Once unthinkable, nonprofit owners of affordable housing are seriously beginning to consider selling properties. Faced with revenue losses resulting from rising costs, COVID-driven collection problems, and loss of funding, owners are looking at either selling assets that are heavy losers or assets that have real value on the market. A sale could enable them to develop new properties or preserve other properties. It could support other development and social programs. It could even save an organization.

Harold Nassau
Harold Nassau

The question is how to make that decision. How do you evaluate risk and opportunity? Most owners are looking through their portfolios to pick out the losers and the potential golden eggs. They think about the mission value of each property considered for disposition. This is a rational approach. But it is also the same kind of opportunistic, transactional thinking that created inefficient portfolios to begin with. Most for-profit owners built their portfolio with an eye to consistency of product and efficiency of size and location. But nonprofit portfolios were built based on local needs, funding sources, political support/pressure, and opportunity.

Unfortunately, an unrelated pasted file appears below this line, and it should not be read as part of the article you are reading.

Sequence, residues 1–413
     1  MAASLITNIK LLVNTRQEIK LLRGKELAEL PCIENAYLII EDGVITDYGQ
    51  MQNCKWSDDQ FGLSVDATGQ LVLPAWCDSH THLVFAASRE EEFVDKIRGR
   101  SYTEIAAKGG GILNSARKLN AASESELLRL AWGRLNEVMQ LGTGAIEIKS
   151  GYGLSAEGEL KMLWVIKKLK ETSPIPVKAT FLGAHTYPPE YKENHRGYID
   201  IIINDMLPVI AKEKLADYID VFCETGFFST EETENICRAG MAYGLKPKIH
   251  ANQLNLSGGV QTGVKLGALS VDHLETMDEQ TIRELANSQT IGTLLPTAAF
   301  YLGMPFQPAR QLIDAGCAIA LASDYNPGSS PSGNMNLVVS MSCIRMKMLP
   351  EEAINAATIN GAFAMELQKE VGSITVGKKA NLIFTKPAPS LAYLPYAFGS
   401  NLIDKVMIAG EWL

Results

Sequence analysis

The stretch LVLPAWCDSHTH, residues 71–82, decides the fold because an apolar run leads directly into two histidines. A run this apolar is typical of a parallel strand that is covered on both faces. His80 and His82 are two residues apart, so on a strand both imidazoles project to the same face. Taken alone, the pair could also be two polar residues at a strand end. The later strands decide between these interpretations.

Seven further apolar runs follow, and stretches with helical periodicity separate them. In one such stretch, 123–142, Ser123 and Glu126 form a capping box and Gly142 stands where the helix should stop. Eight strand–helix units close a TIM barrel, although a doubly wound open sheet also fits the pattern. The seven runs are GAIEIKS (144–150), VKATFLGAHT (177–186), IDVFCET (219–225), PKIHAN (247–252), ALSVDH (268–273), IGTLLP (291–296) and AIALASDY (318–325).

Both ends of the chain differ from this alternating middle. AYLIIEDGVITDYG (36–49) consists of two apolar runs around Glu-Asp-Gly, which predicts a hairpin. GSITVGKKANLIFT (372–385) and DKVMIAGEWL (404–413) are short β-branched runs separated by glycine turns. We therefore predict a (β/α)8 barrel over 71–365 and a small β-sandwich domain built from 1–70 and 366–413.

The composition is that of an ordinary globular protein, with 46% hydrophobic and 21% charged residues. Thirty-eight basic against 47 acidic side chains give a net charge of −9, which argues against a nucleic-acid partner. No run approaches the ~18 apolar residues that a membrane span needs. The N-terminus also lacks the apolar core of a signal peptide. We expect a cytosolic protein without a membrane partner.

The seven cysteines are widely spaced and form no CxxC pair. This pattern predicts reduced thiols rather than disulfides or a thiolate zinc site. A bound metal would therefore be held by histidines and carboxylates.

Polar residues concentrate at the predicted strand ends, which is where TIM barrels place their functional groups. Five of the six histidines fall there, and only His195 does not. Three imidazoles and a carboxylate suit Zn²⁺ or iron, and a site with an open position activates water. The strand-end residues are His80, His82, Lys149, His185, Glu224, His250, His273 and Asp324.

Their focus, however, as industry veteran Helen Dunlap put it, is not disinvestment, but reinvestment. Now is the time for owners to ask which properties absorb disproportionate management resources and whether a property and its residents might be better served by a different owner. Could a different owner manage the property more efficiently or invest in energy-saving technology to drive down expenses? This is especially true of smaller organizations that have a far smaller range of opportunities and depth of resources.